Is Vision Zero just a vision, or will there be action?

After a string of people biking were killed on Washington, DC’s streets, the Washington Area Bicyclist Association (WABA) organized a rally to press the Mayor and her administration to make good on their commitment to ending traffic deaths. Here are what some of the rally goers had to say and some actions you can take.

Three years ago, Washington, DC adopted a Vision Zero policy, pledging to eliminate the scourge of traffic deaths on DC’s streets. Three dozens cities around the country—from San Antonio, TX to Anchorage, AK—have adopted such goals, recognizing that these deaths are preventable; one death is too many. With slower vehicle speeds and street designs that enable everyone to use public streets safely, deaths and serious injuries can be prevented.

But as with so many issues, it takes more than adopting a policy to realize a goal; it takes action. Traffic deaths are again on the rise nationwide, particularly among people walking. In the three years since DC passed its Vision Zero policy, more than 100 people have died on the city’s streets. Earlier this month, two people—Jeffrey Hammond Long (36) and Malik Habib (19)—were killed in just two weeks while biking in the District. In response, the Washington Area Bicyclist Association (WABA) organized a rally outside the offices of DC Mayor Muriel Bowser, pressing her administration to take more direct, concerted action to protect people on the streets:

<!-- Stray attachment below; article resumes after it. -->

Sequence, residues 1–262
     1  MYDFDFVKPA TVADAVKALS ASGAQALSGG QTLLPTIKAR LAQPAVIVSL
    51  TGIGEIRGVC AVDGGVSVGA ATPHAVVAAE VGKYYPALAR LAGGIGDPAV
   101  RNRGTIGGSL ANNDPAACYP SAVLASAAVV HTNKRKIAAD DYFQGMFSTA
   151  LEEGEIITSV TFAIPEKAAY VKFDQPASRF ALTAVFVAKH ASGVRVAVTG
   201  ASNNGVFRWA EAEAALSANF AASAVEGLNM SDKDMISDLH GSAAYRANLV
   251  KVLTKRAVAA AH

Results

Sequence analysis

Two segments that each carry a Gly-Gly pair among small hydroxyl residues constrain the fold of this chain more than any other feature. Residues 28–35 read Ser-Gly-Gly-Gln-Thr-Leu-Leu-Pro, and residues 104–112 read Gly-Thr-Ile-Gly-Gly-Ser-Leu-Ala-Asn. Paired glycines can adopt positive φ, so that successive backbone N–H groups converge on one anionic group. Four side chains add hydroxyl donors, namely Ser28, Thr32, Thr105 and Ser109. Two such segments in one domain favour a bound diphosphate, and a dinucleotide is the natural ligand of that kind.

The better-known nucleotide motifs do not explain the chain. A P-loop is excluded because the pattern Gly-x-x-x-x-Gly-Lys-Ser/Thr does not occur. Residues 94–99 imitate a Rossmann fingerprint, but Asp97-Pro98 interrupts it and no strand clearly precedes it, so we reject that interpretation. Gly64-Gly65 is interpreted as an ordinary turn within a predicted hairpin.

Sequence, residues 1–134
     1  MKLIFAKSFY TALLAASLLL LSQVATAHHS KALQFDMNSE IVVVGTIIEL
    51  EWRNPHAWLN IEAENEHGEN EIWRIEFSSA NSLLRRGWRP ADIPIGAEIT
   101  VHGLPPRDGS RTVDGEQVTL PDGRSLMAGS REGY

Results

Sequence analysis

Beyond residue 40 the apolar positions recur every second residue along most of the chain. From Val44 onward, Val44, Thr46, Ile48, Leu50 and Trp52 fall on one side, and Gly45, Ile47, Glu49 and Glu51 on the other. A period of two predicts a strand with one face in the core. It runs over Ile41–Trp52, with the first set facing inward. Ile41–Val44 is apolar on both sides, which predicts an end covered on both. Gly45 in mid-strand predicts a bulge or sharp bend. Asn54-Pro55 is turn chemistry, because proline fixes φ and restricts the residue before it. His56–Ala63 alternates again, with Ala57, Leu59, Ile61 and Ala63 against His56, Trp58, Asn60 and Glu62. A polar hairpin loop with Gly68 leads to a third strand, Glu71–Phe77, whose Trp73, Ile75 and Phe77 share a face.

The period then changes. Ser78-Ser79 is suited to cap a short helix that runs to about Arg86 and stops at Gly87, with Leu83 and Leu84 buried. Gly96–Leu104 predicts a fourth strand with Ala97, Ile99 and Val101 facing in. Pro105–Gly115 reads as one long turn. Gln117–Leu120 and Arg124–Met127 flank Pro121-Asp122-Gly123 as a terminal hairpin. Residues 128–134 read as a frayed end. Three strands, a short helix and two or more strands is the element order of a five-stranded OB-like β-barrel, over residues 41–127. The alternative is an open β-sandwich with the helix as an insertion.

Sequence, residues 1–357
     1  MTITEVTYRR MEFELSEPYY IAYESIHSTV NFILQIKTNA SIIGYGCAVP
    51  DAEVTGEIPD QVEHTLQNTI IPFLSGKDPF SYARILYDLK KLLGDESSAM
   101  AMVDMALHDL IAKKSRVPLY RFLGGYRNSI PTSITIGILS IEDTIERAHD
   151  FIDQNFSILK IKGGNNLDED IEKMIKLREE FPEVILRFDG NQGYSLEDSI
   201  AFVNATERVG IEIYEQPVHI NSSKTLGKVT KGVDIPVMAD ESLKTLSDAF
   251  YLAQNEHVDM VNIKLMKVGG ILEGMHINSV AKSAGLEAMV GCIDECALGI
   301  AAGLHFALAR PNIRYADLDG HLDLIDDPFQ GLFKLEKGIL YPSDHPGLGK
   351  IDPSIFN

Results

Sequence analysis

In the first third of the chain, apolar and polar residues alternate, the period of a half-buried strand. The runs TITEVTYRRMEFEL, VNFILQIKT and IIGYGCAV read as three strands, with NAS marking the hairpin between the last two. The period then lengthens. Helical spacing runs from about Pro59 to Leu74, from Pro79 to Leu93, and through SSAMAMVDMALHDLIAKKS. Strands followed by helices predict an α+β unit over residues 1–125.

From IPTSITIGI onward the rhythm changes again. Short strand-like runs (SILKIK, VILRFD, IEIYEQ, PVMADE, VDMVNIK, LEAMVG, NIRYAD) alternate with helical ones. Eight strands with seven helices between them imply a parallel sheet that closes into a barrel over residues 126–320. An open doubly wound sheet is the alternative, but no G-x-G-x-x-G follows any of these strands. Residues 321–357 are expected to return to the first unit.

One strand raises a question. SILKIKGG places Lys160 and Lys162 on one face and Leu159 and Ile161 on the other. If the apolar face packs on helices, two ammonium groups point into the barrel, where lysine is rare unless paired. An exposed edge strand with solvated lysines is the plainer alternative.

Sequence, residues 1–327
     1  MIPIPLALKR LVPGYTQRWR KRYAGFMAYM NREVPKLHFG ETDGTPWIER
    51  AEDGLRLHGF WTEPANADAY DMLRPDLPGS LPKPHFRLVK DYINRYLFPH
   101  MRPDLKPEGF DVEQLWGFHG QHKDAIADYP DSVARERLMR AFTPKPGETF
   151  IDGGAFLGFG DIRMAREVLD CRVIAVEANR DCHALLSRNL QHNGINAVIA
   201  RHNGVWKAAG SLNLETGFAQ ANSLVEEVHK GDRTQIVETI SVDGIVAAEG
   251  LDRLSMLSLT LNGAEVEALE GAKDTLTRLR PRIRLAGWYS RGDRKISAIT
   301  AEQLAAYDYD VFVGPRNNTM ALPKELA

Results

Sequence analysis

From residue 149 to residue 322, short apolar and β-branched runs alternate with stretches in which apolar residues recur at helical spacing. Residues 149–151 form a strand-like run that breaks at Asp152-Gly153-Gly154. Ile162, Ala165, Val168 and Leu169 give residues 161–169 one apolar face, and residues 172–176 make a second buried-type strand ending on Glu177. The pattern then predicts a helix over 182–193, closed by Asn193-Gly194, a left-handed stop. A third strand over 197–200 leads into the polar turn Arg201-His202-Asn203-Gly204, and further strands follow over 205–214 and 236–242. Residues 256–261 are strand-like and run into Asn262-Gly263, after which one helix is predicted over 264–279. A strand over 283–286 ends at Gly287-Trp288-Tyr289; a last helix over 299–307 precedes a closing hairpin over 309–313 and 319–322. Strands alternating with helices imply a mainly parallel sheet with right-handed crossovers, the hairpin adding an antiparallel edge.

Staff from Smart Growth America’s DC office were able to attend the rally, and we spoke with some people about why they were there. Here are a few of their responses:

No loss of life is acceptable—that’s the idea behind Vision Zero and what those at the WABA rally were demanding of their government.

Here are two ways you can take action on related issues:

  1. Make a contribution to support the production of Dangerous by Design 2018, a highly cited report that highlights the most dangerous places for people walking. This report has spurred many communities to take action by implementing Complete Streets policies and adjusting their transportation planning processes. For example, Dangerous by Design 2016 spurred the State of Florida to rewrite its highway design guidelines.
  2. Donate now

  3. America Walks has created a helpful template letter that you can customize and send to news outlets that blame rising traffic deaths on the victims with claims of “distracted walking.” These articles are misleading and ignore the real problems: “Poor street design, improper speeds, and a culture that prioritizes cars over people.”